Macron stated that “Islam is a religion that is in crisis all over the world today, we are not just seeing this in our country.” But these measures have been criticised by other leaders as creating further divisions and could increase the prevalent Islamophobia which already exists in France.
French President Emmanuel Macron has vowed to introduce tougher laws to fight against ‘Islamist separatism’ in order to defend France’s secular values. This is a country with over 6 million Muslims currently reside in France, making it the largest population in Western Europe.
Macron stated that a minority of France’s Muslims were in danger of forming a “counter-society”. According to the Secular Society, there are 3 defining key features which define secularism:
- Separation of religious institutions from state institutions and a public sphere where religion may participate, but not dominate.
- Freedom to practice one’s faith or belief without harming others, or to change it or not have one, according to one’s own conscience.
- Equality so that our religious beliefs or lack of them doesn’t put any of us at an advantage or a disadvantage.
France’s government is by law already separated from religious organisations and institutions, which is referred to as laïcité. The legislation, which Macron intends to propose to parliament in December 2020, strengthens this existing law. It will include restrictions on Muslim students being homeschooled, stricter monitoring of sports, cultural, community organisatons, a ban on imams being sent to France from other countries, and the funding of mosques being heavily scrutinised. The new measures will also include a ban on the wearing of religious symbols for transport employees.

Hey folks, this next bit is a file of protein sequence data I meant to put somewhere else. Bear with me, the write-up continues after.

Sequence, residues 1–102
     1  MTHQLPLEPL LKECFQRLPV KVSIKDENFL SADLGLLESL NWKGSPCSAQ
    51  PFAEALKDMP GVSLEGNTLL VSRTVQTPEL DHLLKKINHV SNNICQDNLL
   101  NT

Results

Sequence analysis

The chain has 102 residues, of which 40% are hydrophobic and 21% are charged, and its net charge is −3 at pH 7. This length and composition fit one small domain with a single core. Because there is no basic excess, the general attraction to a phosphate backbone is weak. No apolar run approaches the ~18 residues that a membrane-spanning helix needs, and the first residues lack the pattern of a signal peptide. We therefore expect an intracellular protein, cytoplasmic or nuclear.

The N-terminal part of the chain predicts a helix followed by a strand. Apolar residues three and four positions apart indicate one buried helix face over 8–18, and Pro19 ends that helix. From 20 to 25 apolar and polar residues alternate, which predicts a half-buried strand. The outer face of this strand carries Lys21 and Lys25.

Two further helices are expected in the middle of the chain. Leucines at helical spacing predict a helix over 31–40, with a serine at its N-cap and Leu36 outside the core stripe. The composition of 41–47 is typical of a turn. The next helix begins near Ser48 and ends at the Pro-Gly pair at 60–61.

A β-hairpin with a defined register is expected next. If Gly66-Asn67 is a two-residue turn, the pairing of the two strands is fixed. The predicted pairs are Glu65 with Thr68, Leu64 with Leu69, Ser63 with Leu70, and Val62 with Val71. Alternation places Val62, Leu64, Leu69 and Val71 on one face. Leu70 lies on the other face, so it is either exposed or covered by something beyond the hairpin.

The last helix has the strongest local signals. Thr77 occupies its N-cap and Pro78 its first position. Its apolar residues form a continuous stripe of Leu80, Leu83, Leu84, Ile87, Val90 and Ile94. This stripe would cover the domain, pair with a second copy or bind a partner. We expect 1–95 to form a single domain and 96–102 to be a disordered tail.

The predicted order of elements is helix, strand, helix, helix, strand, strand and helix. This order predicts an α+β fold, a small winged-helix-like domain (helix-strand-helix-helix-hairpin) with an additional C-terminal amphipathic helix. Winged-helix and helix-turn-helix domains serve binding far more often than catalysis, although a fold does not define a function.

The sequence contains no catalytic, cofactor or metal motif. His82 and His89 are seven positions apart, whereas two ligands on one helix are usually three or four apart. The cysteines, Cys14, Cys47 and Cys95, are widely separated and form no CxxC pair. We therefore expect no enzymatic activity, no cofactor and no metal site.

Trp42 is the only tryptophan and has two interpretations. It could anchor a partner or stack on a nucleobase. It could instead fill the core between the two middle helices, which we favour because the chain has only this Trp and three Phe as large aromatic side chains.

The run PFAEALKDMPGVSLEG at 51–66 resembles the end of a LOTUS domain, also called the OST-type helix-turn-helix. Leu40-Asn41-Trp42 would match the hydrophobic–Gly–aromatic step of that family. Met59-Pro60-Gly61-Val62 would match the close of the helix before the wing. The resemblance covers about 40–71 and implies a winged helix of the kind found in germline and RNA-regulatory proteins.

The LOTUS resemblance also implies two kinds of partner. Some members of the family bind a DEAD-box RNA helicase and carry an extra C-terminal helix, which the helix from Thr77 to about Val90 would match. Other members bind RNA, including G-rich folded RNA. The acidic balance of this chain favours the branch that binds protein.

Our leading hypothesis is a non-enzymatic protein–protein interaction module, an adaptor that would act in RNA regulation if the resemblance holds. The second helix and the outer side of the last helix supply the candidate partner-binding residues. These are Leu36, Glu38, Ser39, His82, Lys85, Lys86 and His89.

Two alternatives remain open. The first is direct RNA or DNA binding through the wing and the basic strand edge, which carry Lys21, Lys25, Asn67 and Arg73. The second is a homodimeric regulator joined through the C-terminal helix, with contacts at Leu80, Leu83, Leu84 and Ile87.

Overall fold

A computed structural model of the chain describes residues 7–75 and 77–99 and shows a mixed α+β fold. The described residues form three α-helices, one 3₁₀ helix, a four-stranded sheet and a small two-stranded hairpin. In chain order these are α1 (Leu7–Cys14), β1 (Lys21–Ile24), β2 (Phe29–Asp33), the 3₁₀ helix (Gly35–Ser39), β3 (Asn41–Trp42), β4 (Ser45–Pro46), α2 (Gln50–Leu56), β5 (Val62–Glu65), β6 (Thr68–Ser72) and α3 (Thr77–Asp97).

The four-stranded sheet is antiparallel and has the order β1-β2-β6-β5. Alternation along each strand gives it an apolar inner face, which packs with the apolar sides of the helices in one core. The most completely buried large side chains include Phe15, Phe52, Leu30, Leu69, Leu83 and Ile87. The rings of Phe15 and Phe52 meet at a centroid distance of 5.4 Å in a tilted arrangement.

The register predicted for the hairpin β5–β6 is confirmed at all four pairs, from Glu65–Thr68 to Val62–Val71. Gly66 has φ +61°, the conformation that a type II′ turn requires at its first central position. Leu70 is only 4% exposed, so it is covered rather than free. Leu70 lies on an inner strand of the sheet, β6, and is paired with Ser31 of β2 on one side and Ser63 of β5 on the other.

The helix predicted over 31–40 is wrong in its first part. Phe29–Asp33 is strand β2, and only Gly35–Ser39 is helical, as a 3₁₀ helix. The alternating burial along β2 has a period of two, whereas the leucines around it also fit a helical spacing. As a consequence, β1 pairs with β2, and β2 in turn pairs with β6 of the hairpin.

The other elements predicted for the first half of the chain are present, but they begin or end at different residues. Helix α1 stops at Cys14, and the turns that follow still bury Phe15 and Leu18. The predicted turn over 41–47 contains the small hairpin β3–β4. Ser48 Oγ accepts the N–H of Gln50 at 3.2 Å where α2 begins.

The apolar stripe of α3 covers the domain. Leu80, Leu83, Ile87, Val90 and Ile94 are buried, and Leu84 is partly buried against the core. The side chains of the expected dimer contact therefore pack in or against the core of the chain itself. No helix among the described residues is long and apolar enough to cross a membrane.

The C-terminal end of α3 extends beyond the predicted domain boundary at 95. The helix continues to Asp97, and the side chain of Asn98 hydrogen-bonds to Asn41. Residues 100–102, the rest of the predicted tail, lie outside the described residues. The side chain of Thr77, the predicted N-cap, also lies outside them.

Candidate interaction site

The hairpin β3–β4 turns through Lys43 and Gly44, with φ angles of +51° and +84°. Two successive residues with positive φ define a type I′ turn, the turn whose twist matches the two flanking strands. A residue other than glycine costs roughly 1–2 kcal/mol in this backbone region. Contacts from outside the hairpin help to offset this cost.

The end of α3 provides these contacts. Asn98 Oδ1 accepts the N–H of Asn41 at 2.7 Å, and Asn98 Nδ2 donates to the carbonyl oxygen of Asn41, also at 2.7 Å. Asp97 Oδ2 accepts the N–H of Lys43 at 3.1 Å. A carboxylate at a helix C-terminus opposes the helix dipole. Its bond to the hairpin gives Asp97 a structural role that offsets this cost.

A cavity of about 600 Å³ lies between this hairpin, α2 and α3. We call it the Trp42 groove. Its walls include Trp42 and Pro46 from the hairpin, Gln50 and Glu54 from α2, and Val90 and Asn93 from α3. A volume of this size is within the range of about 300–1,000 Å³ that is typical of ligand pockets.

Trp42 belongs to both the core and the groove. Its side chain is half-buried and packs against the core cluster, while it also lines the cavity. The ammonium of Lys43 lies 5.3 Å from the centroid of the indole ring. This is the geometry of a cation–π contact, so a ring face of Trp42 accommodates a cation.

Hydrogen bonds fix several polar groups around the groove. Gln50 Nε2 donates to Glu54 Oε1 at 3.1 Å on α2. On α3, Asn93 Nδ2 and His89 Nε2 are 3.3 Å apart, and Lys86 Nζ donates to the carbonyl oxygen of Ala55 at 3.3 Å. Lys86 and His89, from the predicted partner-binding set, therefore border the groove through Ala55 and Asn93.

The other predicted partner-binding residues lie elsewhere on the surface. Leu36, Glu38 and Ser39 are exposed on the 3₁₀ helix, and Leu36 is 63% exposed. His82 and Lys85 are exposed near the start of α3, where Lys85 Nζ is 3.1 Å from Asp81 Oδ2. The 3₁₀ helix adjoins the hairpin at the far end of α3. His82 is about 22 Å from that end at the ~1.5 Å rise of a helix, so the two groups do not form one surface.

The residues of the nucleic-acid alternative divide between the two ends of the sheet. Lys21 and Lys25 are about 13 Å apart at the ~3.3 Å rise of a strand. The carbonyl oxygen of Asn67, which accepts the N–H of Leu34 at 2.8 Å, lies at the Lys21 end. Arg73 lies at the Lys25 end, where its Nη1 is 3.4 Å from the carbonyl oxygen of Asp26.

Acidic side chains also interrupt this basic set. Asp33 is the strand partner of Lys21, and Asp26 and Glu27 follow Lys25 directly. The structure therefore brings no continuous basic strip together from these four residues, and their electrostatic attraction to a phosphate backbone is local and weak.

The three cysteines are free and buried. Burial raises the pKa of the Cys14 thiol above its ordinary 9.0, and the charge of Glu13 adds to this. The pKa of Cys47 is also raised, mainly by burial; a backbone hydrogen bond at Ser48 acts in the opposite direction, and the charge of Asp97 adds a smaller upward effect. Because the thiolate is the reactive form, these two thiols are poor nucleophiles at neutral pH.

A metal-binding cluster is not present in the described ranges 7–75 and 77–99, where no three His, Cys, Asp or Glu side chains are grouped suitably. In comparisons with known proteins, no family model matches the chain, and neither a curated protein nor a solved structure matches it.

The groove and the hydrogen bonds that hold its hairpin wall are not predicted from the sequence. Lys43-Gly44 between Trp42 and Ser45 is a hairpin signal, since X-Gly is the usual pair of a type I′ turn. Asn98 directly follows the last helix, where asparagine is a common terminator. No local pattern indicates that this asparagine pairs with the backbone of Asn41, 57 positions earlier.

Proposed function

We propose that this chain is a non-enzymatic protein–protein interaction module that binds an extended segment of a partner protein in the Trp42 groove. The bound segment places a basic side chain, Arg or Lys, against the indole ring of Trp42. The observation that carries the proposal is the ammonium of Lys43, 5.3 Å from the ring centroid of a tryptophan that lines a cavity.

Macron also stated that “Islam is a religion that is in crisis all over the world today, we are not just seeing this in our country.” But these measures have been criticised by other leaders as creating further divisions and could increase the prevalent Islamophobia which already exists in France.
Macron also believes it is necessary to “liberate Islam in France from foreign influences,” naming countries such as Turkey.
The Turkish foreign ministry initially responded by saying: “To think that they can discipline immigrant societies by introducing concepts such as ‘European Islam’ and ‘French Islam’ under the pretext of ‘enlightening’ the religion of Islam means acting in the opposite direction of humanitarian and legal considerations.”
Turkish President Recep Tayyip Erdogan on Tuesday also said, “Macron’s statement that ‘Islam is in a crisis’ is an open provocation beyond disrespect…Who are you to talk about the structuring of Islam?” he asked, accusing Macron of “impertinence”.
Critics have also accused Macron of using Islamophobic language in a tactical move to appeal to right-wing voters in the upcoming elections. Macron’s party did not win any major victories in local polls in February 2020, and during this summer, President Macron reshuffled his cabinet that included ministers from right-wing parties.
Macron also stated the problem of radicalisation was partly a result of the “ghettoisation” of French cities and towns where “we constructed our own separatism.” There have been many ethnic minority Muslim men from these so-called ‘ghetto’ cities who have taken part in the yellow vest movement and experienced police brutality. An investigation by the French publication Street Press reported that 47 unarmed men died between 2007 and 2017. It was disproportionately black, Arab and Muslims who died or experienced violence.
The rights of Muslim women in France have particularly diminished. Women are not even allowed to have personal autonomy to cover their own bodies when swimming due to burkini bans. France is also enforcing mandatory facemasks to protect people against coronavirus but it is still committed to a burka ban – meaning women are simultaneously forced to cover and yet are not allowed to cover.
Macron has also never condemned satirical and offensive images of Prophet Mohammed (swt.) Even halal business owners who refuse to sell non-basic essentials such as wine and pork have been forced to closed down.
If the foundations of secularism means freedom to practise one’s faith and no fear of losing equality, then why are French Muslims continually facing obstacles to lead their lives without reprimand?